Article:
If you maintain an active lifestyle, you may be familiar with shin-splints and how they can quickly sideline your exercise routine. However, shin splints are treatable and entirely preventable with a few extra precautions! Understanding the causes of shin splints and how to prevent them will help you avoid time lost for recovery and allow you to make the most of your active time outdoors this spring.
What Are Shin Splints
"Shin Splints" is an all-encompassing term that refers to any pain in the shin area, specifically around the tibia bone, at the front of the leg beneath the knee. The medical term referring to shin splints is “tibial stress syndrome.”
Those with active lifestyles, such as dancers or runners, are more likely to experience shin splints due to the repetitive stress put on their shins. As a result, the muscles around the tibia become injured if stressed beyond capacity. Because shin splints is a catch-all term, there can be a variety of injuries that fall into that category. The specific injuries can include:
- Small muscle tears around the tibia.
- Inflammation of the tissue that surrounds the shinbone.
- Inflammation in the muscle.
Shin splints often describe injuries that present as generalized pain in the shin area, not injuries with localized pain in a specific spot. These injuries can include stress fractures or cracks in the tibia bone or compartment syndrome, a condition of swelling in the muscle which causes pain in a closed space. Pain associated with shin splints may ebb and flow depending on the time of day and may become most painful when lifting the foot and applying upward movement through the ankle.
How To Treat Shin Splints
Treating shin splints is relatively simple. Most importantly, you will need to rest. If repetitive high-impact activities are what caused your shin splints, taking a break from those exercises allows your shins time to heal. Recovery may take 2-3 months, so if low-impact exercises like swimming or biking do not cause you shin pain, you can still engage in those activities and avoid having to take an extended break from all physical activity.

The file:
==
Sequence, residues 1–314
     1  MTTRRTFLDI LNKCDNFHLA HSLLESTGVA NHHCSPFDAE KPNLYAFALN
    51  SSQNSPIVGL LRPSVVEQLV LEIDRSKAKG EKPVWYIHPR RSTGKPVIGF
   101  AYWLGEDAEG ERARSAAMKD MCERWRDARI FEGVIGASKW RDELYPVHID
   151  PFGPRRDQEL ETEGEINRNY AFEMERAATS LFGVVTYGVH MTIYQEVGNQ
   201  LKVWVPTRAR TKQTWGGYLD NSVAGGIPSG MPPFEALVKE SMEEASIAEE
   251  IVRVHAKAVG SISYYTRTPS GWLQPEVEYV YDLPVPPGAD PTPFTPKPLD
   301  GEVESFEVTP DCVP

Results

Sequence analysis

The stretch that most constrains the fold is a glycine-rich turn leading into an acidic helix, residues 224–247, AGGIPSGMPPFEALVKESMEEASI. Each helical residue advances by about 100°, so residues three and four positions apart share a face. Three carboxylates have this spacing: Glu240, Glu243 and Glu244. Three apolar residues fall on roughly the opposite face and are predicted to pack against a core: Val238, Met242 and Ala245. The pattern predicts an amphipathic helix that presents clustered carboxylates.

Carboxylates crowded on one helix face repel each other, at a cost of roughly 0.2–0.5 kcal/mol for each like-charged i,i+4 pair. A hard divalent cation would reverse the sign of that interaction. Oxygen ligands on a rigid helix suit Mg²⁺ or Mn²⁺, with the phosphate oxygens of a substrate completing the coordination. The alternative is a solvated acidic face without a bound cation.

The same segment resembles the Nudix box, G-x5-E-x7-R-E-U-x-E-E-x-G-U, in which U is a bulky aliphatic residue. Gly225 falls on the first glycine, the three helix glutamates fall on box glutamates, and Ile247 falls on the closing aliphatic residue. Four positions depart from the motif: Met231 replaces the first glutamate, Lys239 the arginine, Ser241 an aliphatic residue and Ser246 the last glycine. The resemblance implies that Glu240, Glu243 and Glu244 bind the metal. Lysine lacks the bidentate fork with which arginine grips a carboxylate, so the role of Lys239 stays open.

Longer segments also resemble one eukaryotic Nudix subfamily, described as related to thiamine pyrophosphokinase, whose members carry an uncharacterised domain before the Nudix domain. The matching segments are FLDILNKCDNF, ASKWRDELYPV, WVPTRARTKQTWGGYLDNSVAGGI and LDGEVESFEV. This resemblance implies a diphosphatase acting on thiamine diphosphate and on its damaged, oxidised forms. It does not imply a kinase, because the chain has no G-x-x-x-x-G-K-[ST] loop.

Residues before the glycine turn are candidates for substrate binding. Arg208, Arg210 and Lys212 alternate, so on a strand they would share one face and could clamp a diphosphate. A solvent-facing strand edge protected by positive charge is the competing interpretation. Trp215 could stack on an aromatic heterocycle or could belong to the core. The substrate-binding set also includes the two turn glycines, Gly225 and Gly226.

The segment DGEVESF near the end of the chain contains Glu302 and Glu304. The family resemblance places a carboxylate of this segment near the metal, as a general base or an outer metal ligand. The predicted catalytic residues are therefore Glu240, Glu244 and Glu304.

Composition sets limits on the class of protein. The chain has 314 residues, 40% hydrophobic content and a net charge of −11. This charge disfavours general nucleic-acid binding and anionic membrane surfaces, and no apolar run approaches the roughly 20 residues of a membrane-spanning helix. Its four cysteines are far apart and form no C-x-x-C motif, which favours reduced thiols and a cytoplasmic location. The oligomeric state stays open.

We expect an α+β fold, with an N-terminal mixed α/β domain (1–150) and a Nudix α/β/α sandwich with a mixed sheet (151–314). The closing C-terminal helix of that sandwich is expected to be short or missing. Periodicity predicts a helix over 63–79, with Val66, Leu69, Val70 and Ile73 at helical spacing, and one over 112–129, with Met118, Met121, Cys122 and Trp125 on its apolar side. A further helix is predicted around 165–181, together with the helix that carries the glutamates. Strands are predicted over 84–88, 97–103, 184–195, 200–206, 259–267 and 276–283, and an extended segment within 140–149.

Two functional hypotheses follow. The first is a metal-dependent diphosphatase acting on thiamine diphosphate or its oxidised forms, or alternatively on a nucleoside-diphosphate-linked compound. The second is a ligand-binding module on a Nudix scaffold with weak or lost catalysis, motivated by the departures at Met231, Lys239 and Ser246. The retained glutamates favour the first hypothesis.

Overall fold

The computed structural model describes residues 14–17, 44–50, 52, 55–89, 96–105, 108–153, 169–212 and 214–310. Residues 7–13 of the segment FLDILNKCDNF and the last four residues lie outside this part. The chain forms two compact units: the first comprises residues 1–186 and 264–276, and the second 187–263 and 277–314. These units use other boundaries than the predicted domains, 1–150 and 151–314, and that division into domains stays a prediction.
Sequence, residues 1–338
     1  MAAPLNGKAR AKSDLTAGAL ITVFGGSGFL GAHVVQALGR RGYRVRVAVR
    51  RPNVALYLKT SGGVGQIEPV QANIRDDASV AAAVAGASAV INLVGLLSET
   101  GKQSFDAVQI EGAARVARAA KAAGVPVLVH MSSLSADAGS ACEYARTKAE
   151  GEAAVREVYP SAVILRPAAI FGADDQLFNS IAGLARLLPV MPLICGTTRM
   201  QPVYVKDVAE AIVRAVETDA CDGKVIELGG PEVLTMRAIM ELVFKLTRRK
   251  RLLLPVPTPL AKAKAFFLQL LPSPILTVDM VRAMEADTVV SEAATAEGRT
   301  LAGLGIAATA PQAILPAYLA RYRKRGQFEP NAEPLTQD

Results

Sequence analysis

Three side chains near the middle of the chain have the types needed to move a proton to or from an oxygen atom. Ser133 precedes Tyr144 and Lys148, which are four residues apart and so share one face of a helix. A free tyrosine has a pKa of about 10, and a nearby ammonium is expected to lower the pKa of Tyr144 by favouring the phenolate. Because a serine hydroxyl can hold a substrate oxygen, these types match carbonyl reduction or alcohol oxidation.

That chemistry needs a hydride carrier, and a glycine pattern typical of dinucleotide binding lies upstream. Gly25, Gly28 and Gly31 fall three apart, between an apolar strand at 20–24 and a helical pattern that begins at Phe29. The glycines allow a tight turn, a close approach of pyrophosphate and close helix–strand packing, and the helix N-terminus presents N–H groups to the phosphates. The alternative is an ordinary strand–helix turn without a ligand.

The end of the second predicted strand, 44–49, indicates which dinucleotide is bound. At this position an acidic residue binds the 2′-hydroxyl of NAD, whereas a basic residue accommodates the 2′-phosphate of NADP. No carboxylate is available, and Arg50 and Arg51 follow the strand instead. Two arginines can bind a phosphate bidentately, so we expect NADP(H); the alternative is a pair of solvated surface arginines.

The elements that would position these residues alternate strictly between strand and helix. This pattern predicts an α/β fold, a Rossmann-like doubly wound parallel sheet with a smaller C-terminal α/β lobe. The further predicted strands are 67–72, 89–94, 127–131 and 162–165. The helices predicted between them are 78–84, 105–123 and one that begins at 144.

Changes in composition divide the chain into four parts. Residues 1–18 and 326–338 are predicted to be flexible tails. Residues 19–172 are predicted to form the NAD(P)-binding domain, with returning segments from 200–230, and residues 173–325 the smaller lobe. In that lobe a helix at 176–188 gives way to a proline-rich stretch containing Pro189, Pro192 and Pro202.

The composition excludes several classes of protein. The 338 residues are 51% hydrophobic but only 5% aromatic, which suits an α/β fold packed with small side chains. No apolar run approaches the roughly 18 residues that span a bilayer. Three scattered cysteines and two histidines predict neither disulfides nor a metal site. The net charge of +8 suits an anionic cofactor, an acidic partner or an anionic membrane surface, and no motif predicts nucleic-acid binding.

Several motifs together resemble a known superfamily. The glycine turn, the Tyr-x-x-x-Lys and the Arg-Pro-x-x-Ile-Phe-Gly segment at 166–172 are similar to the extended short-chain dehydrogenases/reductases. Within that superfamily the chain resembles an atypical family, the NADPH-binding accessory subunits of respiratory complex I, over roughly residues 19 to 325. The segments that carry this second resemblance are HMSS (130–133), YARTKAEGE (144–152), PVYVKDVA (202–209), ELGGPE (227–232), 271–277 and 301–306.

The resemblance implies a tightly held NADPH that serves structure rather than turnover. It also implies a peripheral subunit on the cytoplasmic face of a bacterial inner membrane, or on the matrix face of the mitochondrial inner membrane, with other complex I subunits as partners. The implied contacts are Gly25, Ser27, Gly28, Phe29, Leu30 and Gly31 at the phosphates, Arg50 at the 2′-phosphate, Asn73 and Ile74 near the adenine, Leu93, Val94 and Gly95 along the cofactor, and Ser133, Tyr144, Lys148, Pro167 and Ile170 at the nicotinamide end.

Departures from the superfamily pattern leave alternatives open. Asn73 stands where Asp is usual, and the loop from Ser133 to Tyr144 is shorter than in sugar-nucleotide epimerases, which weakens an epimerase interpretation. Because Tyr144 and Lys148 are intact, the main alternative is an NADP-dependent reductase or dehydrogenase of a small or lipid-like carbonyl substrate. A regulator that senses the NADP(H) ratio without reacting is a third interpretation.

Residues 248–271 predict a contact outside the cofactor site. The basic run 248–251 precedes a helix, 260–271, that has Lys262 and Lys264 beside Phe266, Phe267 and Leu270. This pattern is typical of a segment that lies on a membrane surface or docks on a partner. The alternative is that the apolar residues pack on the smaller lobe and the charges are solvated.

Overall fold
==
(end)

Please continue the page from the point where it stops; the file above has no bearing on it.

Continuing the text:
In the first few days of your injury, it can also be helpful to apply an ice pack to the area up to eight times a day for 15-20 minutes at a time. Icing your injury can help relieve the discomfort that comes with inflammation. Over-the-counter pain relievers like acetaminophen and ibuprofen can also be helpful.
How To Prevent Shin Splints
Implementing a few simple habits can help you avoid developing shin splints and the lengthy recovery time that comes along with them. One of the most critical ways to prevent shin splints is to wear high-quality shoes that fit correctly, considering your foot size, shape, and gait. Proper athletic shoes can help dampen the impact exercise has on your shins and other body parts. Depending on your specific podiatric needs, you may also consider custom orthotics that can help you exercise without creating additional injury to your feet or ankles.
If you are prone to shin splints, don’t make any abrupt changes to your exercise routine. Instead, gradually work up the intensity of your workouts. Slow adjustments allow your body to acclimate and avoid overstressing the muscle and tissue surrounding your tibias. You may also want to change your exercise locale to a place with softer surfaces as hard, and uneven surfaces can be strenuous on your body.
Stretching before and after you work is another excellent way to help avoid injury. Implementing one or all of our shin splint prevention exercises can help you warm-up, cool down, and avoid overstressing your shins:
- Heel raises. Stand with your feet slightly apart, then slowly raise your heels off the floor without bending your knees. Hold for about 10 seconds, then slowly lower yourself to the starting position. If you need support, touch a wall or grab the back of a sturdy chair.
- Heel drops. Stand on the edge of a step on the balls of your feet, your heels hanging over the edge. Slowly lower them until you feel a good stretch in your calves. Hold about 10 seconds, then slowly return.
- Standing calf stretch. Facing a wall, step forward with one leg, leaving the back foot flat on the floor and the back knee straight. Again, you should feel the stretch in your calf. Hold, then switch legs.
- Toe curls. From a seated position, place a medium-sized towel on the floor in front of you. Grasp the towel with your toes, gently pull it toward you, and then push it back.
If you are suffering from shin pain, consider speaking with a specialist to avoid further injury. Give us a call at (717) 757-3537 to schedule an appointment, and we can help you get back on your feet and back to your exercise routine!